The first quarter was a really dour affair with the Fulham pack led by two giant props Harry Beverley and Peter Souto ripping into our 6. These two rampaged up the field on several occasions scattering our forwards although both Tindall and Stone played themselves to a standstill in the first half repelling attack after attack. Reg Bowden brilliantly led the Londoners and both centres M’Barki and Diamond looked dangerous on the fringes. Shining light for the FC in those early exchanges was Trevor Skerrett who was not expected to play at all, but made a surprise return from a groin injury. He drove the ball into the heart of the Fulham defence and twice broke the line by swatting away the attentions of second rowers Wood and Gurley.
We tried hard on every occasion possible to get the ball wide but Fulham were determined to not allow us to use our extra pace out there and they moved up quickly, time and again to cut out that final pass to the wing. Both sides sparred with each other, but there was no doubt that Fulham were on top, as the game finally sprang into life on the 25th minute mark. The host’s second rower Wood charged through a gap, linked superbly with John Crossley and the stand-off beat the whole FC defence as he raced to the line to touch down. Diamond who had scored in every Fulham game that season, kept his record intact with the conversion and we were 5-0 down. Back we came and for the first time we pressurised the hosts in their own 25. Skerrett kicked ahead and should have scored but the ball shot off down the slope and ran dead before he could get to it, and Tony Dean who was having a fine game dropped the ball with only full back Allen to beat. In those days when all seemed lost though there was one man that could sort things out and make the difference. Enter ‘Knocker’ Norton.
Tindall, Dean and Topliss carved out a position with a flowing move down field and at the play the ball Knocker went to acting half. Quick as a flash he scooped the ball up and glided between three defenders as only he could, to score next to the posts. Crooks added the goal and we were level. Then the last act of the first half saw the first of the disallowed Fulham tries, when a pass at least a yard forward put Diamond over in the corner only for Mr. Fox to blow up for an obvious offence.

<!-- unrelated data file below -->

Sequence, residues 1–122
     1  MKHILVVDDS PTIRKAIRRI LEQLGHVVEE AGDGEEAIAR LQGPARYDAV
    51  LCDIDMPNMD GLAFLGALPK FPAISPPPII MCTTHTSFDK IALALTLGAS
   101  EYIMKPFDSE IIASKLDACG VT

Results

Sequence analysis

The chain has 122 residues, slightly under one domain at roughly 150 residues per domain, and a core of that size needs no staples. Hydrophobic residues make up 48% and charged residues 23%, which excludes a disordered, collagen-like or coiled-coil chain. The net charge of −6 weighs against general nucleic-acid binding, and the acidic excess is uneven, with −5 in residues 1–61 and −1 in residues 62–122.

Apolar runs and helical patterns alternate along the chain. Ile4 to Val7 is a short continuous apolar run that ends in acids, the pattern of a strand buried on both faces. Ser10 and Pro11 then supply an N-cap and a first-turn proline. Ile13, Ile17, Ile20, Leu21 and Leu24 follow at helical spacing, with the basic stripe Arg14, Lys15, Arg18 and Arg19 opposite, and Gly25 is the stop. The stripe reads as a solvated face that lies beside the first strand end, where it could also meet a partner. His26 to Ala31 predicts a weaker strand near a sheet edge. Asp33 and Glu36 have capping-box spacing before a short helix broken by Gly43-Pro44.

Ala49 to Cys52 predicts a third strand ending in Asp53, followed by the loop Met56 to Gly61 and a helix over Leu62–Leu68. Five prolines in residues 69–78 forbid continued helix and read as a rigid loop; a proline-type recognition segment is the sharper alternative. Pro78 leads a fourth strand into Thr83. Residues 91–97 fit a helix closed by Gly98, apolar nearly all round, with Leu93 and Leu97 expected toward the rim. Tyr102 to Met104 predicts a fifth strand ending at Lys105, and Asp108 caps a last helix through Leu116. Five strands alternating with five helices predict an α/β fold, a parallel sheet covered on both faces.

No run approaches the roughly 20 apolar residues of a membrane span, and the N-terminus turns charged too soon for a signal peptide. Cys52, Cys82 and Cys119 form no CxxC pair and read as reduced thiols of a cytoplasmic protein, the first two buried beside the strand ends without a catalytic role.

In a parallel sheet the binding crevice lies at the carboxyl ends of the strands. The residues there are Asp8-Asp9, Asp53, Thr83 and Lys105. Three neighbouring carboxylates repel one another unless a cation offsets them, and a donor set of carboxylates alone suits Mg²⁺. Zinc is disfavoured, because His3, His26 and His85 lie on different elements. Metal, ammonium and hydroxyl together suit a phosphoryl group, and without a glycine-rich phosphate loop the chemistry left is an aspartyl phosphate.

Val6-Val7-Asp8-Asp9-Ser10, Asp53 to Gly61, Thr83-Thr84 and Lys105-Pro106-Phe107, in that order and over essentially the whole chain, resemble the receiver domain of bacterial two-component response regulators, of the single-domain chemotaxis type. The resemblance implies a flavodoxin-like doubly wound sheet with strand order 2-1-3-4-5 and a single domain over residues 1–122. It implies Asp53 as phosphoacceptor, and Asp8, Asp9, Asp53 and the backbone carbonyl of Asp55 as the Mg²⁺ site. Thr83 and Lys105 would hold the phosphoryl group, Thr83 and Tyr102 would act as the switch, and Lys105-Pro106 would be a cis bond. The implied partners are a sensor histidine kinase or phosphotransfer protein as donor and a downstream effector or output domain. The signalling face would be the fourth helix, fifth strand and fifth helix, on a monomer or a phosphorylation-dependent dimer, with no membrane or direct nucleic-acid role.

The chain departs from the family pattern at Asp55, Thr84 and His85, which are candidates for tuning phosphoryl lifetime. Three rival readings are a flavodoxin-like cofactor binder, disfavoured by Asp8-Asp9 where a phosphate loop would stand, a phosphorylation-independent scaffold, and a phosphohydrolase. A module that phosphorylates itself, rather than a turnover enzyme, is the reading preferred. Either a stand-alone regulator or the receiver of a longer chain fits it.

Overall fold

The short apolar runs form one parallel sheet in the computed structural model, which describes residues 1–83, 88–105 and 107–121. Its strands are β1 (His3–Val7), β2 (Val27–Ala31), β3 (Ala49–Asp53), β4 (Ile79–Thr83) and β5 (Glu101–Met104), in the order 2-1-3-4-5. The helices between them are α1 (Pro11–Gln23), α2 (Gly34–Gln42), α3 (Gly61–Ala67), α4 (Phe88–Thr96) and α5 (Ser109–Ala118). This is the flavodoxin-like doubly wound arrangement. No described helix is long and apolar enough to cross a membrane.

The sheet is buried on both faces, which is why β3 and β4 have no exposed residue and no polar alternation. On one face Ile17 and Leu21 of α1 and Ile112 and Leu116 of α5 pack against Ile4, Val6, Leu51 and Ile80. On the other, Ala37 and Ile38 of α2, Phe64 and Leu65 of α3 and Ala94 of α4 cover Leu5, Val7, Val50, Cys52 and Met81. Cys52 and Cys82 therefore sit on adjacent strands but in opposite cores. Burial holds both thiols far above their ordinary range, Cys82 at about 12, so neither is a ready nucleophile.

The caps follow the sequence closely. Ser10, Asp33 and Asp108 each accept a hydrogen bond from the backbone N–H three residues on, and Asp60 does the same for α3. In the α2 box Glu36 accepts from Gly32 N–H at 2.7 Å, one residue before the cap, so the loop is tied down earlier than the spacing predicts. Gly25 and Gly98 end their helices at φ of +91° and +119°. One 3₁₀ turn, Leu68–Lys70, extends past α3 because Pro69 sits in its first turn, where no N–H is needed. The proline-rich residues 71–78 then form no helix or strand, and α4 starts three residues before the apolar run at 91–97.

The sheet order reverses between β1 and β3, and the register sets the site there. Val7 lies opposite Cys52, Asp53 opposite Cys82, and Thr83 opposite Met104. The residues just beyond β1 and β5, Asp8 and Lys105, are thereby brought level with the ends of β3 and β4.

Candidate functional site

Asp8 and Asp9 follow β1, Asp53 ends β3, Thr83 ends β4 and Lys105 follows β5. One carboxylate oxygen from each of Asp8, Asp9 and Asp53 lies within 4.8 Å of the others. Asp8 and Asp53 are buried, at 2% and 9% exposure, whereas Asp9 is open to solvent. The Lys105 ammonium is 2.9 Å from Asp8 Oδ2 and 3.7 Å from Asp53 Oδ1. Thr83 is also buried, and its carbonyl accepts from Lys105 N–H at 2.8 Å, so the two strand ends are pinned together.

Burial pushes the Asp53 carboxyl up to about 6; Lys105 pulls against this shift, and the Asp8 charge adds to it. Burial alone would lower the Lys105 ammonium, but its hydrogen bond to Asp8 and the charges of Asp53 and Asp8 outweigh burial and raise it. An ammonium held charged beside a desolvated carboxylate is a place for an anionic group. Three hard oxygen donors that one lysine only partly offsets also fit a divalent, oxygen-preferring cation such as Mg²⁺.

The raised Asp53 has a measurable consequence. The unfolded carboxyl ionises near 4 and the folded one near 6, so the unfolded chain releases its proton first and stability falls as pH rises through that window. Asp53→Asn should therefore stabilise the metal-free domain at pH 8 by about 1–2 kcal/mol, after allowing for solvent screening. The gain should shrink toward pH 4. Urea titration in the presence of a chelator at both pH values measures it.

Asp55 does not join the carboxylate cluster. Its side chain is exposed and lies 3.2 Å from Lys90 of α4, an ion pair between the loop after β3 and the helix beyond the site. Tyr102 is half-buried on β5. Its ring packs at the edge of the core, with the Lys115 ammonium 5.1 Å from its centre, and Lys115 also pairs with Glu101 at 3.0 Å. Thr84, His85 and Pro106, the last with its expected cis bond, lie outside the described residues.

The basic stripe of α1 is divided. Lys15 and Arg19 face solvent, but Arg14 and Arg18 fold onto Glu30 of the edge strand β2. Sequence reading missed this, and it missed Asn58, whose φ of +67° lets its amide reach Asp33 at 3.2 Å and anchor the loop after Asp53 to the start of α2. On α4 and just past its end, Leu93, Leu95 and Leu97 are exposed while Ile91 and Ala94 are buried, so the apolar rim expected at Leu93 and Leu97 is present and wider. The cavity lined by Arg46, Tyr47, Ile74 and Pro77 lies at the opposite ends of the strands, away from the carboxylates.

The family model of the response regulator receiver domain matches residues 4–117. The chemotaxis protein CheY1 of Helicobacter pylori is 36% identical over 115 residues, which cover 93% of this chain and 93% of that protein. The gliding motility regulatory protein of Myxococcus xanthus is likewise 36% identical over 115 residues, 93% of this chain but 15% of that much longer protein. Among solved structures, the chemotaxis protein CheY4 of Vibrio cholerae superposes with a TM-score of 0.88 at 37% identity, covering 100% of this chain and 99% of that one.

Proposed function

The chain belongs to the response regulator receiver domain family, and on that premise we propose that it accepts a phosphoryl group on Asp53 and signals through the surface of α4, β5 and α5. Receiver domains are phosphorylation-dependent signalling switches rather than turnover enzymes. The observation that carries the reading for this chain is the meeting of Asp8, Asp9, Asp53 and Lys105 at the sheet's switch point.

The second half saw a fine drizzle starting to fall, but it did nothing to dampen what was turning into a gripping encounter. Fulham came out fired up and laid siege to our line. After just two minutes Bowden put Husain M’Barki in under the sticks but as the centre ran towards the Fulham fans to celebrate, referee Mr Fox was having none of it, as perfectly positioned just to the right of the play, he called the final pass forward. It was really tight though and we were under some real pressure when a big ‘break out’ move down field by Duke, Kemble and O’Hara set up a position for Tony Dean to drop a goal and at 6-5 we were in front for the first time in the game.
For the first time too, as their big forwards tired, we really stretched their cover, with Terry Day and Steve Evans just failing to get in as both fell in last ditch trip tackles. But 11 minutes later a fabulous move engineered again by Norton, who touched the ball three times in one passage of play saw Stone and Steve Evans created some space wide out on the left for Paul Prendeville to sneak in low to the ground in the corner. A magnificent touch line conversion from Crooks made it 11-5, and at last we had a bit of breathing space. That was the final score, but not the end of the story by any means as Fulham threw everything at us in the final ten minutes. Tony Duke who had lost the scrums 6-1 in the second half tackled his heart out and with three minutes to go tackled both Bowden and Kinsey in one set piece move from a tap penalty, to deny the Londoners a try. That seemed to signal the end for the hosts with the last few minutes being played out in the middle of the field and as the final whistle went we were in the hat for the quarter finals. Those two disallowed tries certainly made all the difference as for once luck seemed to be with us. Looking back I guess although Fulham had done so much right, it was in the end Hull FC’s professionalism, and of course the great Knocker Norton that got us through.
The journey home was a happy one made all the more joyous when we got near Doncaster and heard on the radio that Rovers had been knocked out of the Challenge Cup at Caravan Park. A disputed last minute penalty goal by Leigh skipper John Woods had finished their dreams of Wembley in an 18-17 defeat. A big cheer went up in the car and we then of course looked forward to Monday nights draw, which was to bring a home tie with Halifax in the quarter finals.
So that’s almost it for another week but as everywhere I go seems to be steeped in the launch of that new ‘Mama Mia’ film, it was a case this weekend, for me at least, that as far as our chances of ending the season with a top four play-off game are concerned, it was all about Abba! For we have certainly reached our ‘Waterloo’ and the chance of having much interest left at all in the Super Eights could well have be a case of ‘Slipping through our fingers all the time’. We are, as a team and a group of supporters, at a real cross-roads in our season, if not in fact way past it!
It’s going to be a massive task to make the 4 now but if a couple of teams flounder a bit, 5 points is catchable and of course we have to keep fighting. The goal has to be to win our next 2, but Wakey are going to be desperate this weekend and no mistake. However if we can do them and then the Dobbins we could just be 3 points adrift at the split, but that’s just pie in the sky for me, as it would still leave us with a mountain to climb. Still, we’ll just have to see what happens and hope. There is therefore little doubt that, as Brian mentioned earlier and as a lot of the other fans I meet are saying about a pretty insignificant end of season being in store for us, we’ll just have to put up with it. It’s what happens, well it is until a new structure for the game is sorted.
Thanks to everyone too numerous to mention who once again got in touch this week and ….
Try to keep believing!